The Gold Owner’s Guide to 2015
by Michael J. Kosares, Gold Seek Looking back – Two surprise transformations at the end of 2014 A year of many surprises, 2014 ended with a couple surprise personal transformations largely passed over by the mainstream media.
– Berkshire Hathaway chairman Warren Buffett startled recipients of his annual shareholder letter by revealing an instruction to the trustee for his wife’s estate that 10% of her inheritance should be invested in government bonds and the other 90% in a low-cost S&P 500 index fund. – Similarly former Fed chairman shocked the financial world by announcing that his years at the Federal Reserve cemented his long-held view of gold as an important asset allocation for the times given governments’ (note the plural) predilection to print money.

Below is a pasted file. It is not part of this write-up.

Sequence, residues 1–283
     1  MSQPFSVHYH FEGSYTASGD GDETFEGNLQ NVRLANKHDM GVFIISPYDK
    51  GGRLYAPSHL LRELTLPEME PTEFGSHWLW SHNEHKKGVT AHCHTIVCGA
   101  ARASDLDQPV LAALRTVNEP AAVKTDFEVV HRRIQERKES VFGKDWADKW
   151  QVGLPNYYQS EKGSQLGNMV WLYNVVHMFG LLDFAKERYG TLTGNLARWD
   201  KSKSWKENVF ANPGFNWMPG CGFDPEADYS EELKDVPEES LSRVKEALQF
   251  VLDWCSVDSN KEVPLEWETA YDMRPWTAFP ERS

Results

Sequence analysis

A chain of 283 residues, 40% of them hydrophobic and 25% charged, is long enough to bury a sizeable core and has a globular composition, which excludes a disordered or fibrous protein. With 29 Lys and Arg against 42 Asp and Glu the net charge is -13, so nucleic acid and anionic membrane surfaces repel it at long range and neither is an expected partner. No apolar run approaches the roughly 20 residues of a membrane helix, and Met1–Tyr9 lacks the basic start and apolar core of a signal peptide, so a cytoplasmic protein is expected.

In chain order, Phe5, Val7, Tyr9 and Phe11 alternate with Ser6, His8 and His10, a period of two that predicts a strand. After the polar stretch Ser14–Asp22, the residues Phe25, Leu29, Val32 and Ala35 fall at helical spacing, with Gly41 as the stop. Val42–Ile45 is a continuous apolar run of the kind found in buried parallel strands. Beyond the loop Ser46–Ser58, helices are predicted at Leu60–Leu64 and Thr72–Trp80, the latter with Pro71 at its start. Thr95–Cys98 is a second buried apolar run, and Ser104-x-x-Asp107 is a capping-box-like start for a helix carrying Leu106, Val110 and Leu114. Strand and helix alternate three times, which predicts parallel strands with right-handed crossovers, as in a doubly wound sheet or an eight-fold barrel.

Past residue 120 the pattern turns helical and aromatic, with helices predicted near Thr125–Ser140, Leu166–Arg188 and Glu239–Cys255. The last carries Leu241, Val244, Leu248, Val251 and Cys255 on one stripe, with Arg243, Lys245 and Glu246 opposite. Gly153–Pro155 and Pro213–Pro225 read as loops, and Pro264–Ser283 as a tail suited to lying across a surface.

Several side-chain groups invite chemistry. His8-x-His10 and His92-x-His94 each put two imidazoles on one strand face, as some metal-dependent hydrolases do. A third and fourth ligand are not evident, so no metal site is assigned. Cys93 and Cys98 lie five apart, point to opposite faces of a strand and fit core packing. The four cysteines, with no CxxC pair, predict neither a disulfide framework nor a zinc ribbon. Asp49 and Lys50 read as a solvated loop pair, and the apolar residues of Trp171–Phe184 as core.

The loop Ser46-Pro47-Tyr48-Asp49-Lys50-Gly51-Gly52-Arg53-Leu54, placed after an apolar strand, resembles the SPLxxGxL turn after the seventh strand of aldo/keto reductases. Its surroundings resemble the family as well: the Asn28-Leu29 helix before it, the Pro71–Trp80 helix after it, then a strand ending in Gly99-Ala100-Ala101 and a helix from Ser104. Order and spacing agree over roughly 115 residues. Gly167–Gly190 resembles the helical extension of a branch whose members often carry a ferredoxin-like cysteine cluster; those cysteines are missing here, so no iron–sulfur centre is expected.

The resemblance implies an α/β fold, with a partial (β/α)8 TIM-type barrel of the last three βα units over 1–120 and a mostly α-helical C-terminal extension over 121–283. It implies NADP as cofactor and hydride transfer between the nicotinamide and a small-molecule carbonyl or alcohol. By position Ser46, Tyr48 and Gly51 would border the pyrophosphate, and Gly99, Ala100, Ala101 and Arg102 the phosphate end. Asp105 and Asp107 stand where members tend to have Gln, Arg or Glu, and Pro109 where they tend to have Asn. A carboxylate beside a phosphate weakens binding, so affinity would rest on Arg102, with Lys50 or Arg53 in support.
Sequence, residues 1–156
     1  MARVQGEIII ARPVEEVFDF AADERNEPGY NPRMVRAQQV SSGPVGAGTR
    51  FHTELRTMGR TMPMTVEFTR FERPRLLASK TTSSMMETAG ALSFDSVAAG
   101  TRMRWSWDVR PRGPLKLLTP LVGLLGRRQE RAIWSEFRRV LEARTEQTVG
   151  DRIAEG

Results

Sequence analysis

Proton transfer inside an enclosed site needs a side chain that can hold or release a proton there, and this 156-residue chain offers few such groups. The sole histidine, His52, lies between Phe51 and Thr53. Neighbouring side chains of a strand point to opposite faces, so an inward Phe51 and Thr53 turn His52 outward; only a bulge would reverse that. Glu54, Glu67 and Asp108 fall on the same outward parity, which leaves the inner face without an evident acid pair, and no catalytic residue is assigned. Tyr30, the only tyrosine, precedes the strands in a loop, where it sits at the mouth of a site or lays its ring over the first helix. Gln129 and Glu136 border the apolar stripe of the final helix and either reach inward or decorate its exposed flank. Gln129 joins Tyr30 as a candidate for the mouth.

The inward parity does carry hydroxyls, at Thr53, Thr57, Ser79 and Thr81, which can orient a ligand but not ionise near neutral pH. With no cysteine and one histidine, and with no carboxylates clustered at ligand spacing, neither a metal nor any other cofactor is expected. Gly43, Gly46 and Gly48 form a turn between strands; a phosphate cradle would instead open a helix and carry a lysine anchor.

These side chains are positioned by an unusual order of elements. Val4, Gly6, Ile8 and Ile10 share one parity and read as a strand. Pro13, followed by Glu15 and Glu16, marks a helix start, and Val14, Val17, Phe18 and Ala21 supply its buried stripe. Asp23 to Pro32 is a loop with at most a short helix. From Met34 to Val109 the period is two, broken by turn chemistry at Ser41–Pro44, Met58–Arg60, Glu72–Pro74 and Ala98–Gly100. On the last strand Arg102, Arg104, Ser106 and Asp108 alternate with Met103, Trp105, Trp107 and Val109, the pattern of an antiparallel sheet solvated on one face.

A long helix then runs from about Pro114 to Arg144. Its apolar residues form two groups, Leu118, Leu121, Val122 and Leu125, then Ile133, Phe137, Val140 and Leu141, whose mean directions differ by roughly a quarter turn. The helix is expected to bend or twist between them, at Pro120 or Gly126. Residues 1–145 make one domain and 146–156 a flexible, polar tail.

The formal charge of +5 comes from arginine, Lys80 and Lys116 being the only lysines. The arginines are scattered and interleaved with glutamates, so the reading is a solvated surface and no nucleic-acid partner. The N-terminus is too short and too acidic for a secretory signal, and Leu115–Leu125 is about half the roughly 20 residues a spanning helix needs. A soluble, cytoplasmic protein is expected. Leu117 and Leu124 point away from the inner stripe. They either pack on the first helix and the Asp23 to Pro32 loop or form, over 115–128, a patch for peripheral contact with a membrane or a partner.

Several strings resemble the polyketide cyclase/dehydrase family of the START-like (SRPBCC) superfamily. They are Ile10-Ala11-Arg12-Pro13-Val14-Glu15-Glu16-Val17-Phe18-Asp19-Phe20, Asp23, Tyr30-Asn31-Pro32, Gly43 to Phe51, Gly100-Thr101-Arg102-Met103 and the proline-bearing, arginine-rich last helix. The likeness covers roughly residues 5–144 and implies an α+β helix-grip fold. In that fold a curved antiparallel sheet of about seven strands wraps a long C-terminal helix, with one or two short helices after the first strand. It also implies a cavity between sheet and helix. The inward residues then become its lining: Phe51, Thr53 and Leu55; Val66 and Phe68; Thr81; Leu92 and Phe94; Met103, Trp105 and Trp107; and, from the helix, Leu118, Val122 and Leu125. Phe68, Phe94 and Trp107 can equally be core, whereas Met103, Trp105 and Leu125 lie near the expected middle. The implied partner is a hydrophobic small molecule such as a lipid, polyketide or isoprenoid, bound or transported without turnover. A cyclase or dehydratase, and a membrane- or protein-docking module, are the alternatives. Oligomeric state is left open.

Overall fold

Buffett points to saving fees and the inability of fund managers to beat the indices as the chief reasons for his decision, but one wonders if there might be more to it than that. Since the 2008 meltdown and the subsequent bailouts things have changed considerably on Wall Street and at the Federal Reserve. Interest Rate Observer’s James Grant attempted to define the complicated change in the stock market’s monetary underpinnings in a speech this past November before the Cato Institute. “My generation,” he said, “gave former tenured economics professors discretionary authority to fabricate money and to fix interest rates. We put the cart of asset prices before the horse of enterprise. We entertained the fantasy that high asset prices made for prosperity, rather than the other way around. We actually worked to foster inflation, which we called ‘price stability’ (this was on the eve of the hyperinflation of 2017). We seem to have miscalculated.” Stocks in this scenario become fungible, an asset class driven as much by monetary policy as it is a solid track record or growing market share. In the end, Buffett is not just saving fees by putting his wife’s inheritance in index funds, he is also betting, like it or not, on the Federal Reserve’s ability to keep stocks as an asset class headed in a northerly direction. Not everyone harbors the same high degree of confidence in the Fed’s grand monetary experiment that Buffett does. Alan Greenspan, for one, sees it as fraught with danger as does another former Fed chairman, Paul Volcker. Late last year, Greenspan likened the Fed’s over-blown balance sheet to “a tinder box that has not been lit,” characterized the job of Fed chairman as one subject to the heavy dictate of the federal government, and recommended gold ownership as a hedge for private investors. “Gold,” he said, “is a good place to put money these days given its value as a currency outside of the policies conducted by governments.” Stocks, on the other hand, have taken a position at the opposite end of the investment spectrum – an asset class that has become overly reliant on the policies conducted by governrment. Continue Reading>>>